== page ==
Squirrel Hogs combine the mass and aggression of hogs, the agility and speed of squirrels, and the intelligence of both to create a terrifying beast housed in an adorable body. Not only is it pleasantly plump, but it sports a bushy, corked tail.

A mad wizard designed the Squirrel Hog to serve as a more agile and intelligent attack dog.  However, the animals turned out too strong-willed. They constantly escaped from their cages, and did not respond to conditioning. So, in a fit of frustration from the waste of hundreds of hours, the good doctor released them into the wild. The Squirrel Hogs proceeded to wreak havoc on the land: tearing up fields, stripping orchards bare, and eating up entire storerooms of food.

Today, villages take extreme measures to prevent the roving Squirrel Hog packs from destroying their livelihood. They build high fences, moats and spiked pits around fields. They cover trees in netting laced with metal. They employ round-the-clock patrols and everyone carries a boar spear with them in case of an attack. Travelers to the forests must be especially wary as mother Squirrel Hogs and their offspring live in tree nests and attack anyone who gets too close. Several mother hogs will often make nests in a close group of trees and come to each others’ aid, dropping onto perceived threats in one giant mass of clawing, tusked, biting bodies.

Instinct: To eat

Tags: Organized, Group, Intelligent

10 HP, 1 armor

D6 +2 (Teeth and claws, close)

Special Moves

  • Leap farther than you thought it could
  • Climb something very fast
  • Clever girls

 

 

 

Wisdom Tree City

Wisdom Tree City has always existed, nestled on an island where two mighty rivers pour into the ocean. Every hundred years or so the Goddess Weeps, as the natives say. The two rivers swell, merge into one, and overrun the city. After they retreat, they leave behind a thick sand burying everything except the peak of the great magical library, The Wisdom Tree. The citizens return and rebuild. The library grows taller. Probably no one would bother settling here if it weren’t for its position of a great port, a natural magic aura, the library, and the mines.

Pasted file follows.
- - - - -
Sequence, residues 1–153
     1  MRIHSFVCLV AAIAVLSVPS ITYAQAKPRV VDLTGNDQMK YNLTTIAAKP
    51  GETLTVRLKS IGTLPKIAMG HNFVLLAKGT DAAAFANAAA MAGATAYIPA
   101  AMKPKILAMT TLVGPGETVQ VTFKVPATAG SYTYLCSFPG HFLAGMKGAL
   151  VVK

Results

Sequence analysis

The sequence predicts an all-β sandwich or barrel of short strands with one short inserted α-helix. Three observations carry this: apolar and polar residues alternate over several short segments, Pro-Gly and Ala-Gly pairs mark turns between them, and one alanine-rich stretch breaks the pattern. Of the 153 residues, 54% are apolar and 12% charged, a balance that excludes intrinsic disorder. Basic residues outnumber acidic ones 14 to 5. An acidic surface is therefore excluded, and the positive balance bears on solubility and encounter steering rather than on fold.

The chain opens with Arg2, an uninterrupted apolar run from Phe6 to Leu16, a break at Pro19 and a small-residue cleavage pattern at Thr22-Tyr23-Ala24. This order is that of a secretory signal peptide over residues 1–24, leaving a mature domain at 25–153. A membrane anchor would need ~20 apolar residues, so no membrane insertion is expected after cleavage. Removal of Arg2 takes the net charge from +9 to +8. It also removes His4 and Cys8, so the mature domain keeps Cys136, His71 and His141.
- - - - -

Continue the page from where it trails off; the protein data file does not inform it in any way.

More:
The Wisdom Tree stands in the middle of the city, its roof so high it seems to scrape the sky. Underground, floor upon floor descends so deep that no one knows where it ends. Side passageways split off from the main tower and meander through the city’s sand-filled ruins like the roots of a tree. The library’s ancient magic prevents any mud from leaking through and keeps the air circulating at the perfect temperature.

Mine tunnels built by prospectors also twist through the ruins. Every miner hopes to find valuable artifacts from forgotten times, but few do. Most arrive in the city poorly equipped and many perish digging through the ruins. In the upper mine tunnels, petty thieves, transients, and the desperate take up residence in the relatively safety. More sinister criminals live in the mid-tunnels, planning heists and waiting to prey on lost miners. Only the bravest dare venture to the deepest levels where unknown monsters lurk in the dark, and the most valuable artifacts wait.

But by far the most popular attraction for common folk is the Aquatic Arena, a giant stadium built in the middle of the bay where teams compete in impressive water battles. No expense is spared. Warriors clash on top of exotic sea monsters captured from the Far Seas. Gnomes command huge whirling machinery, slicing through the choppy waves  to tear apart their opponents. Wizards using the latest magical discoveries dart across the arena, easily passing from the sky to under the water, painting the battle with the bursts of spells. Continue reading “Wisdom Tree City”